The Moon is now very close to full. Unless there is due to be an umbral lunar eclipse, the Moon will be passing slightly above or below the Earth's cone of shadow. The terminator will not disappear from the western limb and reappear on the eastern one, but will "roll" from west to east via either the north or south pole. This rolling effect may be noticeable tonight and, coupled with libration, may affect the apparent position and even the visibility of some features. Details of eclipse times and locations can be found in the Inconstant Moon Diary.
The most conspicuous feature to be revealed tonight is a dark oval near the north-western extremity of the Moon's bright southern region and just below the Oceanus Procellarum which occupies much of the western edge of the lunar disc. This is class 5 Grimaldi - its floor is one of the darkest parts of the Moon's surface with an albedo of 0.06.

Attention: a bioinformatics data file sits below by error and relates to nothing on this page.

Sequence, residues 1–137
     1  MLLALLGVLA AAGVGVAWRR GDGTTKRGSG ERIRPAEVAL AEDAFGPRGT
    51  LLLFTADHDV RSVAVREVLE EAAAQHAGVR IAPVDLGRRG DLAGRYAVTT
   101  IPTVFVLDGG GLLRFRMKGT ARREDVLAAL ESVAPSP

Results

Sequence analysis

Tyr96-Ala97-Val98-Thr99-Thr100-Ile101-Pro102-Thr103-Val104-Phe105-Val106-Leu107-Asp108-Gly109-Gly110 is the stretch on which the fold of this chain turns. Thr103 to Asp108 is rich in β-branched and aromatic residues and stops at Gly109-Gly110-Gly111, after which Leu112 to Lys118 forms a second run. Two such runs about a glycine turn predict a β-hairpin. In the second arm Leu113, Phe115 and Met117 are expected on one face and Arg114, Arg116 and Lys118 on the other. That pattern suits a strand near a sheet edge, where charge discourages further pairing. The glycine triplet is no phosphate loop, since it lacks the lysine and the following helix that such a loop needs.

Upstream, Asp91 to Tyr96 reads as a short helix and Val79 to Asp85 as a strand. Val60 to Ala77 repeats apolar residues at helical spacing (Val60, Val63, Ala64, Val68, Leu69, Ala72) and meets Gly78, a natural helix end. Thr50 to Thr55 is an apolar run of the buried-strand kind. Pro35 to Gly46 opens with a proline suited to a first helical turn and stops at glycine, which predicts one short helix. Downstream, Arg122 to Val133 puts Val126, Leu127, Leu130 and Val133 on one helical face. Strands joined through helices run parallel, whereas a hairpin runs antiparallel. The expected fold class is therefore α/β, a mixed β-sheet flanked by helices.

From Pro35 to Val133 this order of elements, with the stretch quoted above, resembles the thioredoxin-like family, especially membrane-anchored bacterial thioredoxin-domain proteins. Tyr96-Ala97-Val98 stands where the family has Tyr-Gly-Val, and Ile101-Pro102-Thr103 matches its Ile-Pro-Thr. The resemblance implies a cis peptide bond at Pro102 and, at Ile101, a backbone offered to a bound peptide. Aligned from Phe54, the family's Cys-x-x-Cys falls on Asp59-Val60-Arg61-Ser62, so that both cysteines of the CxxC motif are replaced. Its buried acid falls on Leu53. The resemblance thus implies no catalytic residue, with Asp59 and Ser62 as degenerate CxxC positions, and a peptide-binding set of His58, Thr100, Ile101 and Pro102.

Roughly two Crisium widths to the south, level with the small, oval Mare Humorum lies Byrgius. It is an old class 3 crater, but has been splashed with bright ejecta by the young Byrgius A which interrupts its north-eastern wall, making it a bright object even by the standards of the southern hemisphere. Another two Crisium widths south along the edge of the lunar disc is the neatly defined oval of class 2 Inghirami.
Close to the terminator, about one Crisium length north from the northern "shore" of the Oceanus Procellarum, stands large class 1 Pythagoras, with its fine central peak. Only its position near the limb prevents it from being one of the most impressive features visible. By contrast look one Crisium length north of Grimaldi, on the edge of Procellarum (roughly the spot where the Soviet probe Luna 9 made the first soft landing in 1966), then one Grimaldi length due east from here to the small bright spot of Reiner. To the north-west of here, again by one Grimaldi length, is the tiny light speck of Galilaei (Galileo). It is probably the least impressive feature included in Inconstant Moon, and is hardly a fitting tribute to one of the most influential figures in the history of science, and the first man to point a telescope at the Moon and see it for what it is: a mountainous, three-dimensional world.